Anyone researching The Mint Corporation (CVE:MIT) might want to consider the historical volatility of the share price. Volatility is considered to be a measure of risk in modern finance theory. Investors may think of volatility as falling into two main categories. First, we have company specific volatility, which is the price gyrations of an individual stock. Holding at least 8 stocks can reduce this kind of risk across a portfolio. The other type, which cannot be diversified away, is the volatility of the entire market. Every stock in the market is exposed to this volatility, which is linked to the fact that stocks prices are correlated in an efficient market.
Some stocks see their prices move in concert with the market. Others tend towards stronger, gentler or unrelated price movements. Beta can be a useful tool to understand how much a stock is influenced by market risk (volatility). However, Warren Buffett said 'volatility is far from synonymous with risk' in his 2014 letter to investors. So, while useful, beta is not the only metric to consider. To use beta as an investor, you must first understand that the overall market has a beta of one. Any stock with a beta of greater than one is considered more volatile than the market, while those with a beta below one are either less volatile or poorly correlated with the market.
What does MIT's beta value mean to investors?
Given that it has a beta of 1.96, we can surmise that the Mint share price has been fairly sensitive to market volatility (over the last 5 years). If the past is any guide, we would expect that Mint shares will rise quicker than the markets in times of optimism, but fall faster in times of pessimism. Beta is worth considering, but it's also important to consider whether Mint is growing earnings and revenue. You can take a look for yourself, below.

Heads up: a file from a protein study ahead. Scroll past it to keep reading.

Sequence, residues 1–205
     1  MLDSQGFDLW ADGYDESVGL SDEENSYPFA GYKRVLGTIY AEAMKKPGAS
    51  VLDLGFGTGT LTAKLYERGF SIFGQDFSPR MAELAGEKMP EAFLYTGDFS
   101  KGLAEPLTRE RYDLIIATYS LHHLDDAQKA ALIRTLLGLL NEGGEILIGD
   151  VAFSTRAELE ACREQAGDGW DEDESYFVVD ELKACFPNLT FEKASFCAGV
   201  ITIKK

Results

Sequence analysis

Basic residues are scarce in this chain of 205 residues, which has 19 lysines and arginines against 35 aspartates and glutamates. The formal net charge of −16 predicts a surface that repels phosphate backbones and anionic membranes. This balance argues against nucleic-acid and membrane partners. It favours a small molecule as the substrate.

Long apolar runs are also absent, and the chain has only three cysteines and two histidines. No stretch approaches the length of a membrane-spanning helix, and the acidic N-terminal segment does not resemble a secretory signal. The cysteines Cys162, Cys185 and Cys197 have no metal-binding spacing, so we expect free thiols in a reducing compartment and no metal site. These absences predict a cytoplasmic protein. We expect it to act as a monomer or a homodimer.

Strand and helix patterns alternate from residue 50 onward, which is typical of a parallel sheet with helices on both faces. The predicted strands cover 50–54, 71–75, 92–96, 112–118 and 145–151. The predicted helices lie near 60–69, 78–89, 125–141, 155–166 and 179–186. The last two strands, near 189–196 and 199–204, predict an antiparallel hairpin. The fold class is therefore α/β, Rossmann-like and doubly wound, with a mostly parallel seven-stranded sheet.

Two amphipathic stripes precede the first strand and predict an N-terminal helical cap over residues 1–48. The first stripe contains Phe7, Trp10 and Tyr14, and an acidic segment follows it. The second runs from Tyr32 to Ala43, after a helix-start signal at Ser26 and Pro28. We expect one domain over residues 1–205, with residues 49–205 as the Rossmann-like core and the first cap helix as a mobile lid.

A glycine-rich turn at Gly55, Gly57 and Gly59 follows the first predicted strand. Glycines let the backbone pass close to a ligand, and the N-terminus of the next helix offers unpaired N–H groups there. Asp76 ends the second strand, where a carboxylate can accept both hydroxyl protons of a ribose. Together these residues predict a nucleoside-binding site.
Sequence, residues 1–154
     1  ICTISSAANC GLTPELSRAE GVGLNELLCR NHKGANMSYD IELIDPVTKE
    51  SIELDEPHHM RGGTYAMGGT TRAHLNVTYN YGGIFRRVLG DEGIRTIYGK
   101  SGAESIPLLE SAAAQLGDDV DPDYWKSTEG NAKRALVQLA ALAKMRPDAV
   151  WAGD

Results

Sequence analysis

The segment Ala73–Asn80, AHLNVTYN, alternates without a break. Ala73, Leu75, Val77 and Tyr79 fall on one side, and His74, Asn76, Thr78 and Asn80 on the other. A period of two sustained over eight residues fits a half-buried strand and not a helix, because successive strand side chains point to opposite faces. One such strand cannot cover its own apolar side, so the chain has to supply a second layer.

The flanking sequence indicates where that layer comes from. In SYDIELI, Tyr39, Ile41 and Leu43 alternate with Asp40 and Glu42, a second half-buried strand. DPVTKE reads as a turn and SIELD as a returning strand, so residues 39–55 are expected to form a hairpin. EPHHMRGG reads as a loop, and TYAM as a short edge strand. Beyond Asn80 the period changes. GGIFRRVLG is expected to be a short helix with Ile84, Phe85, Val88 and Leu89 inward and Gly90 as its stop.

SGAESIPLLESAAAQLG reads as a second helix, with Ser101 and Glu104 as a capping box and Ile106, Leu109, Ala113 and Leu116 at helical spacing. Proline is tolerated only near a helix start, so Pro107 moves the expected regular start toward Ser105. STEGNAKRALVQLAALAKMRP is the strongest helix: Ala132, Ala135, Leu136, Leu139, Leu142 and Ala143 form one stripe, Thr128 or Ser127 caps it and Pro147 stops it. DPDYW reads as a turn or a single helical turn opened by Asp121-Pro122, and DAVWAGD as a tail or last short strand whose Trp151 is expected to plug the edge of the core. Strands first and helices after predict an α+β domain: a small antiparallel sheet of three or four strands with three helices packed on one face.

Does MIT's size influence the expected beta?
Mint is a rather small company. It has a market capitalisation of CA$8.9m, which means it is probably under the radar of most investors. Relatively few investors can influence the price of a smaller company, compared to a large company. This could explain the high beta value, in this case.
What this means for you:
Since Mint tends to move up when the market is going up, and down when it's going down, potential investors may wish to reflect on the overall market, when considering the stock. In order to fully understand whether MIT is a good investment for you, we also need to consider important company-specific fundamentals such as Mint’s financial health and performance track record. I urge you to continue your research by taking a look at the following:
- Financial Health: Are MIT’s operations financially sustainable? Balance sheets can be hard to analyze, which is why we’ve done it for you. Check out our financial health checks here.
- Past Track Record: Has MIT been consistently performing well irrespective of the ups and downs in the market? Go into more detail in the past performance analysis and take a look at the free visual representations of MIT's historicals for more clarity.
- Other High-Performing Stocks: Are there other stocks that provide better prospects with proven track records? Explore our free list of these great stocks here.
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This article by Simply Wall St is general in nature. It does not constitute a recommendation to buy or sell any stock, and does not take account of your objectives, or your financial situation. We aim to bring you long-term focused analysis driven by fundamental data. Note that our analysis may not factor in the latest price-sensitive company announcements or qualitative material. Simply Wall St has no position in any stocks mentioned. Thank you for reading.